From: The Scene Blog

Review: Westworld Episode Three, "The Stray"

Review: Westworld Episode Three, "The Stray"

Ed Harris in Westworld. Photo from HBO. 

Finally, things are starting to get interesting. After two episodes, “The Stray” presented viewers with a reason to invest in characters and narrative alike. Despite starting the episode off with heavy-handed exposition with the progressively complex A.I. designer Bernard (Jeffrey Wright) and the increasingly self-aware and powerful Dolores (Evan Rachel Wood), many of the most interesting moments of the season occurred tonight.

Although the episode moved the chess piece forward significantly, some of the core elements of the show continue to hold it back. William (Jimmi Simpson), a completely uncharismatic and uninteresting character at this point -- despite having enjoyed plenty of screentime -- has a shootout with a wanted man which serves as the catalyst for his adventure. Shootouts are fun and all, but ultimately if the visitors to the park can’t die, then who cares? 

Westworld employees Elsie (Shannon Woodward) and Stubbs (Luke Hemsworth) venture out into the park on a quest to find out why the A.I. are malfunctioning, but ultimately come away with as close to a definitive answer as the show has provided thus far. Upon discovering a wounded host (the stray), the two fall under attack, but predictably one saves the other before the A.I. can harm either one of them. Stubbs’ use of a device that can control the host’s movements may have provided for some Thrones style gore, but the underlying message is that it is nearly, if not totally, impossible for the humans in the show to suffer physical pain. If there’s no real danger, then it’s simply hard to get invested in any scene with violence, which is surprisingly pretty common in this Western.

Something that the show doesn’t seem to grasp quite yet is the human element of story. Dr. Ford’s (Anthony Hopkins) tinkering with memories and story for the A.I. in Westworld may be in keeping with the established lore of the show, but it makes the hosts completely uncompelling. The idea that they simply have a limited backstory that can be toyed with at a whim completely nullifies the purpose of a backstory to begin with. There is nothing engaging about an artificial history, one that exists one moment and can be erased the next. The narrative moments of the hosts may provide for pretty backdrops and hit-or-miss dialogue, but without any tangible impact on the future, they struggle to feel like anything more than padding before the next gun fight.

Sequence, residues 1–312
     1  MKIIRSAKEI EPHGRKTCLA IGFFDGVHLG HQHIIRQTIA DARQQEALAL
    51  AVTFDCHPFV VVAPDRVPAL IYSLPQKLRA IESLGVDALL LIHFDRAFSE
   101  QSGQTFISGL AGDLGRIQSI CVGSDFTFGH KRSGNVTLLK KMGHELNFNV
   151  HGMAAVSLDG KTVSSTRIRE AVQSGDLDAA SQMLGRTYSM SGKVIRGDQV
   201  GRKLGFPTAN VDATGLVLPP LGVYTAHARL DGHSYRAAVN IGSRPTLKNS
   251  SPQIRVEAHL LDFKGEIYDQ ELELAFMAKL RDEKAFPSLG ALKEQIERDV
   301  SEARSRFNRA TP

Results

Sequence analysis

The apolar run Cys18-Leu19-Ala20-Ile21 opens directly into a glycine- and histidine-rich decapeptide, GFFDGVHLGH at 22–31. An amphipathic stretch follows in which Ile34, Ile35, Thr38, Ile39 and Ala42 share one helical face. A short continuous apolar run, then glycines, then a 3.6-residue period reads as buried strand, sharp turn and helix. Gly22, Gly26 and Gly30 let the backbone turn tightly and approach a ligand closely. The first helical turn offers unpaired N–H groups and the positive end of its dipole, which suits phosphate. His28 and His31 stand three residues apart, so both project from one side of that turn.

Artificial moments aside, the revelation that Bernard’s personal pain may be driving his actions at his job is an intriguing one. The idea of a truly pained character on this show is welcomed, as there has been little reason to invest in his motives thus far. Like many ideas on this show, it’s not totally original, but Wright is convincing enough for my interest to be piqued.

This episode showed viewers simultaneously what is compelling about this world and what is not. Trying to tell human stories through A.I. will never truly work, but adding new twists to the plot and giving characters like Bernard weighty, character-building moments does. If the show can build on the fresh ideas that the plot offers and give viewers more reasons to relate to the characters, then HBO may have the next hit they have been looking for.

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Grade: B

Westworld is on Sundays this Fall at 9 p.m. (ET) on HBO, HBO GO and HBO NOW.

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